Entertainment

Did 'Scandal' Wait Too Long to Get Truly Scandalous?

Published On 11/05/2015 Published On 11/05/2015
ABC

To refresh your memory, Scandal is that political-intrigue drama from producer extraordinaire Shonda Rhimes' ShondaLand empire that titillated your parents well before last year's Fifty Shades film adaptation. And with good reason, as it’s pretty steamy stuff. Amid lengthy monologues on the Republic, Jack Bauer-worthy military subterfuge, and occasionally gruesome guest-star turns by the likes of Lena Dunham, the most alluring scandal within Scandal has always been the torrid, adulterous affair between crisis manager Olivia Pope (Kerry Washington) and married US President Fitzgerald Grant (Tony Goldwyn). Despite its procedural format, the show is ultimately a romance with toppings. Beyond Olivia and Fitz, the rest is basically just terror cell-flavored garnish. For four years, their push and pull has rattled Tumblr with every kiss and declaration of "impossible love." 

Rhimes has, accordingly, mastered the "Olitz" tease, often bringing the pair together and tearing them apart within the same episode. Will they? Won’t they? They won’t, and hey, look the vice president is evil. At some point, the audience’s quivering lips gave way to a protracted yawn. As a possible response to the audience's yen for freshness or at least a specific narrative plan, the currently airing fifth season has not only brought Olitz together but swiftly outed their romance to the public. Olivia is now experiencing her Mistress America arc as she faces media scrutiny over being white president's black mistress, and their relationship's ripple effect on the show's merry gang of occasional murderers. 

For the most part, it's been a great pivot, leading to some of Scandal’s strongest character moments. Long-suffering First Lady Mellie (Bellamy Young) has been freed from the shackles of a cuckolded political wife, and a recent episode showcased one of Olivia's finest monologues as she defended her affair to both a fictional audience and Scandal’s own viewers, many of whom were hoping she would move on to one of the other haphazardly shirtless men the show kept throwing her way. (We're still on team Jake, for the record.) 

Still, we can’t help but be a bit underwhelmed by how... predictably it has all played out. “Exactly what you imagined” rings disappointing for a series that has specialized in dishing out twists, cliffhangers, and the trapdoor option for nearly half a decade. Indeed, the lone surprise (spoiler!) was the source of the reveal: Olivia herself, who answered affirmatively when confronted with a camera crew asking point-blank if she was the president’s mistress. Scandal may simply have waited too long to let its Olitz genie out of the bottle. While Olivia vs. the world is our favorite Olivia, the oomph of her disclosure didn't quite rival of the melodrama of the couple's many near-misses.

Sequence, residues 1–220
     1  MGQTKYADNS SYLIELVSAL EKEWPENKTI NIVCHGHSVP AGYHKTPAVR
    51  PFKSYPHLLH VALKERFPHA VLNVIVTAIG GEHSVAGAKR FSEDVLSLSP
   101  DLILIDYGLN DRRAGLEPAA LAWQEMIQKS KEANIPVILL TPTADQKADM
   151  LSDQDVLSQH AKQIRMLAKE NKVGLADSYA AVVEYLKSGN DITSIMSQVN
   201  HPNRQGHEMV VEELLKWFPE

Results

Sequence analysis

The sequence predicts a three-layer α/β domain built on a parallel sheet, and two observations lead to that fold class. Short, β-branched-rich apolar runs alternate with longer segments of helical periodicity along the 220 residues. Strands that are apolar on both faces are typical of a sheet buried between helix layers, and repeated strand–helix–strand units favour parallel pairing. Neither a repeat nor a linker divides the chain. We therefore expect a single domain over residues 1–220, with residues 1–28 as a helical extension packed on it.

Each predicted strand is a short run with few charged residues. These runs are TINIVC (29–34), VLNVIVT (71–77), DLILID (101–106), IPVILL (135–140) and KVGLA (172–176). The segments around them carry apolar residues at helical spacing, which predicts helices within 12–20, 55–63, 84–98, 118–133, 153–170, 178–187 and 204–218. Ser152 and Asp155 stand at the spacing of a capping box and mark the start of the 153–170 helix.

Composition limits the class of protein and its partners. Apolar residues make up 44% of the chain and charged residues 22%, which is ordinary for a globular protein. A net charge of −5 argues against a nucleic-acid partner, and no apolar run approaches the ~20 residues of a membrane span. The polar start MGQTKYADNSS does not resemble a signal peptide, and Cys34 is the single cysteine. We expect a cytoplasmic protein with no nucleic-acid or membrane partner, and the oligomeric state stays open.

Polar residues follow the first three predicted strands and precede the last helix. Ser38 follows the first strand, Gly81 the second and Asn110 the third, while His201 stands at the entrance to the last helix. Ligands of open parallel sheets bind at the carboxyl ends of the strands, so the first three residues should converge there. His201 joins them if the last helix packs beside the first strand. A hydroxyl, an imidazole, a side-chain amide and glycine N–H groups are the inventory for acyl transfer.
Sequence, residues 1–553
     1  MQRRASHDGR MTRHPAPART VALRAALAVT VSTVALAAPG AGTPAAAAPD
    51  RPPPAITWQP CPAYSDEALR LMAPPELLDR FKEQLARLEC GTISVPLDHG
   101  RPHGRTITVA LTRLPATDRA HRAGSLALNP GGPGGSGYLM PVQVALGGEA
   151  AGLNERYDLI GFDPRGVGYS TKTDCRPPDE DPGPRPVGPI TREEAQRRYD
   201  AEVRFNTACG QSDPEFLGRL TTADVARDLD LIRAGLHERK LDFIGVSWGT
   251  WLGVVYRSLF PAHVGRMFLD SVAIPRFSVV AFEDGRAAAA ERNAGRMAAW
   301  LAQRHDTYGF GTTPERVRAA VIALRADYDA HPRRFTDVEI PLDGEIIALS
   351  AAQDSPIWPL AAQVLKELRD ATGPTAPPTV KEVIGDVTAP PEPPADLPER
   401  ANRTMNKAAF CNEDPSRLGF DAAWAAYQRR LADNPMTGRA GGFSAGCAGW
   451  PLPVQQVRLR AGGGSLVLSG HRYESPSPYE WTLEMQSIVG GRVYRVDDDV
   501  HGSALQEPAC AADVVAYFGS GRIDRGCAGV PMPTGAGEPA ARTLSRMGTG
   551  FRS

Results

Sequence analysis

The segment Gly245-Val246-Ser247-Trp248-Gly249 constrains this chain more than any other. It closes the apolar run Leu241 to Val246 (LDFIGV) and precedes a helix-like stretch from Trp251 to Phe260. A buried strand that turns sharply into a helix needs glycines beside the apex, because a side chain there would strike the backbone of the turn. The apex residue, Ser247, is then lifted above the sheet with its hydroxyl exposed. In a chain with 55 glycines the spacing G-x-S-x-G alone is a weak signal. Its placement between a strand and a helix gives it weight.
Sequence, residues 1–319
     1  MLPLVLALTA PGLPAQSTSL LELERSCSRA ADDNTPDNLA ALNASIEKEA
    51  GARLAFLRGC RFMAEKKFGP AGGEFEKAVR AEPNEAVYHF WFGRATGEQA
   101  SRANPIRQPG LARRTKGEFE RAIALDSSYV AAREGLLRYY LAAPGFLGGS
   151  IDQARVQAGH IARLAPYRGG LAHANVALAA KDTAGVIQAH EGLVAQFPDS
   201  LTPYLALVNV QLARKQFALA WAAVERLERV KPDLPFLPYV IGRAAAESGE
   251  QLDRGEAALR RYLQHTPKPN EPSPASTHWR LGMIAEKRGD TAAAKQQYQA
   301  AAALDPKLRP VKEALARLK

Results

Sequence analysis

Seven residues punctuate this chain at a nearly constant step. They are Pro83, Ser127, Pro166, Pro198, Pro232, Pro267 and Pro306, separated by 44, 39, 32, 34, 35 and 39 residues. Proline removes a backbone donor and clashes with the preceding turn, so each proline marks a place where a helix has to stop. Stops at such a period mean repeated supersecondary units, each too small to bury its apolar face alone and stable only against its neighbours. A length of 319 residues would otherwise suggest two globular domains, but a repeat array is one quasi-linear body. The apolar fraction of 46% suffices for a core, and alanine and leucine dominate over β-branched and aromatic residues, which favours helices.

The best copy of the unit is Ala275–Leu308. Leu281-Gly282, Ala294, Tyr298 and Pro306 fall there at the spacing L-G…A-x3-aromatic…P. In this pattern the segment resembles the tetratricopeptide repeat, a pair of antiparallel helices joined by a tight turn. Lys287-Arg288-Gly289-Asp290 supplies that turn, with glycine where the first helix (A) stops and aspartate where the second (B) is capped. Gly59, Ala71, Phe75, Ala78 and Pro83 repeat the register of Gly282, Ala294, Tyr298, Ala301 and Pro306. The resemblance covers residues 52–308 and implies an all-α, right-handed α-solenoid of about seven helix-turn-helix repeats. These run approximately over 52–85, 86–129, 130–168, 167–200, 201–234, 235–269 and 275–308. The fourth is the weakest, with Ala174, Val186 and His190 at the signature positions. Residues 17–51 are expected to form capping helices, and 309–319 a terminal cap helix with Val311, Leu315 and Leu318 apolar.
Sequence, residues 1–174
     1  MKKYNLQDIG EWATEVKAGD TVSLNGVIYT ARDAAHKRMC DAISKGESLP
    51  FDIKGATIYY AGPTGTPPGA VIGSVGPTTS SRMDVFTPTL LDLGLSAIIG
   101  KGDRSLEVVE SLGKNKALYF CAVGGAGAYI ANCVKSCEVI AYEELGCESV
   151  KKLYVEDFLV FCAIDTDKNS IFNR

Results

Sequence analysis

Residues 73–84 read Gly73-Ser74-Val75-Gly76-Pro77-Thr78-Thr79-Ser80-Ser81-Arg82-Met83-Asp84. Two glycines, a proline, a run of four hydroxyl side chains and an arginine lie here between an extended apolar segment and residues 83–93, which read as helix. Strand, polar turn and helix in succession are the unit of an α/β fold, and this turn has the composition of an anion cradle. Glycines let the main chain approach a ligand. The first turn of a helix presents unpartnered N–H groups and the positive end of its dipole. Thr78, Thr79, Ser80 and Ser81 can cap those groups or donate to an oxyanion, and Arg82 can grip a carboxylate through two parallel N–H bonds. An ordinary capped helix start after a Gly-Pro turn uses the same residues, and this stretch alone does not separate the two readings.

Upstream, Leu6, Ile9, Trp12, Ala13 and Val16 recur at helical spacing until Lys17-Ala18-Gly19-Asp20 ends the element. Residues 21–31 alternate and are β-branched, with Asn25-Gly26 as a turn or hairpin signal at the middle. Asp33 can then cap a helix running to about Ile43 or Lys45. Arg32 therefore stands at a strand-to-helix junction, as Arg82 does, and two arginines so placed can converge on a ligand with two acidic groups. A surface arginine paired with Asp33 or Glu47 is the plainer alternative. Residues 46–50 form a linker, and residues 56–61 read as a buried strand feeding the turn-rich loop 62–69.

The question of what happens next is tricky. Upping the romantic stakes can devolve into nonsense. (Looking at you, Chuck and Blair.) As for the possibility of an Olitz baby, all parties have been warned: We will throw my remote at a hospital-nursery kidnapping. For now however, Scandal should be commended for committing to a path. Its hook has decisively veered from, “Will Olivia and Fitzgerald get together?” to the consequences of it happening. The surer foot bodes well moving forward. Frenetic pace and grand conspiracies aside, Scandal's also shown it can cool its heels. (B613, anyone?) Explored the new status quo through the dual lenses of Olivia’s personal ambivalence and Fitz’s looming impeachment will hold viewers' interest for now. And if you tailed off after season four, catching up on the five hours that have aired this fall so far would be worth the binge. Just don’t expect anything as all-consuming addictive as those early Scandal bites.

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Ben Philippe is a fiction writer and occasional comic who splits his time between New York City and Montreal. Unlike the rest of America, he has not forgotten that Fitz suffocated a terminal cancer patient with a pillow.

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